little band they overcome many obstacles, acting brave when they much rather be at home

studying in front of the fire. Along the way they travel outside the city into the ruins of the old

city that meet with fortune hunters, enter the old city and climb into the Dungeons of Doom

where they meet such creatures as an owlbear, goblins and the goblin-king and zombies.

It's a rip-roaring tale that is sure to delight anyone who reads it. Secret of the Spiritkeeper

reminded me a little of Harry Potter. And although I'm probably the only person on the planet

who doesn't like Harry, I did get a kick out of Kellach, Driskoll, and Moyra. They were more

human and seemed more age appropriate.

Secret of the Spiritkeeper is a self-contained novel that doesn't require a commitment to the other

three novels in the series to enjoy this one. In fact, that's probably the biggest drawback of this

book. There's no need to read further. On the other hand, it will be interesting to see if the little

band can reconstruct a real Knight of the Silver Dragon origination.
2 of 2 people found the following review helpful
THE START OF A WONDERFUL NEW SERIES March 3 2005
By Tim Janson - Published on Amazon.com
Format: Paperback
Wizards of the Coast is best known as the makers of the enormously popular "Magic: The Gathering" collectible card game, "Dungeons & Dragons" role-playing game, and their related lines of fiction and home to top fantasy authors R.A. Salvatore and Margaret Weis. In 2004, however, Wizards decided to move into the realm of juvenile and teen fiction with the announcement of their Mirrorstone imprint. For the first two series under the Mirrorstone banner, they decided to stick with two subjects that they know very well: Dragonlance and Dungeons & Dragons.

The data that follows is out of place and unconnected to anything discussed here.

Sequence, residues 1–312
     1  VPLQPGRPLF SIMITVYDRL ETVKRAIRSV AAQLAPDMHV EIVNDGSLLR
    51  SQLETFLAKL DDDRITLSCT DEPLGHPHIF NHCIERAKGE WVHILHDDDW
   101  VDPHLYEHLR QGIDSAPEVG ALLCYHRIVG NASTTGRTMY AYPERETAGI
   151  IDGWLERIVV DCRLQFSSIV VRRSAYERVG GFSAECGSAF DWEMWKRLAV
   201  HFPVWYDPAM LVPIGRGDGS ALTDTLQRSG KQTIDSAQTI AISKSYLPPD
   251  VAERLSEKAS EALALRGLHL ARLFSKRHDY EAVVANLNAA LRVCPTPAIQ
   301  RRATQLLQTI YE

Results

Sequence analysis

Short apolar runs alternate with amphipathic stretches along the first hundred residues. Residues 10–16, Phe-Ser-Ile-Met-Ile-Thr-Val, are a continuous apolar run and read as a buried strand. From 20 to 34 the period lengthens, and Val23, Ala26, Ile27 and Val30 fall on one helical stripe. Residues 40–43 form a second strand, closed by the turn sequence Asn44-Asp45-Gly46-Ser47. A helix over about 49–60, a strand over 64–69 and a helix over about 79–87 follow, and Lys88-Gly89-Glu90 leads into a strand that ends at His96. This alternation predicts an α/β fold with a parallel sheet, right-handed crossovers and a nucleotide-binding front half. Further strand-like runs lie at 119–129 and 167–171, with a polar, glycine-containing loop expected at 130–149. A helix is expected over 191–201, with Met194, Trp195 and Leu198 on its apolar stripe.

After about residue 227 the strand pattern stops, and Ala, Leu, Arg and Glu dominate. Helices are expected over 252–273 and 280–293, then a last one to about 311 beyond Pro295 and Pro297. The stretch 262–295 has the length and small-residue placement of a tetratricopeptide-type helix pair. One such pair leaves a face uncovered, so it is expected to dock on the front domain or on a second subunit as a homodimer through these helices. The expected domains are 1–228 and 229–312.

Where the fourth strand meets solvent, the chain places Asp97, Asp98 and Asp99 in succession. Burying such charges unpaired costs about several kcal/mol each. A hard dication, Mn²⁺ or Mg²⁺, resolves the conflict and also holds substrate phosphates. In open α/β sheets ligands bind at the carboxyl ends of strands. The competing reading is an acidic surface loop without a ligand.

Knights of the Silver Dragon is a Dungeons and Dragons series aimed at readers 8 - 12 years in age. The stories center upon the exploits of three young heroes in the town of Curston. Kellach, is a teenaged apprentice to the town's most powerful wizard, Zendric. Kellach's brother, Driskoll, is an adventurous 12 year old who dreams of becoming a great warrior like his father Torin, the captain of the Curston's town watch. The brothers are joined by their friend Moyra, a young female thief and daughter to one of Curston's most well known thieves, Breddo.

In the first book, "Secret of the Spiritkeeper", Kellach is joined by Driskoll as he goes to Zendric's tower for his daily lesson in the art of wizardry. However when they approach the tower they find the door wide open, highly unusual for Zendric. When they enter, Kellach finds his mentor lying on the floor, apparently dead. The tower has been ransacked and it appears that Zendric was the victim of thieves but Kellach finds that the only item that is missing is a strange, glowing orb that Zendric kept upon his mantle. Soon, the boys father, Torin, shows up with several watchers to investigate and sends the boys home immediately. Kellach believes that the orb has something to do with Zendric's death and believes that he can be restored to life if they find it.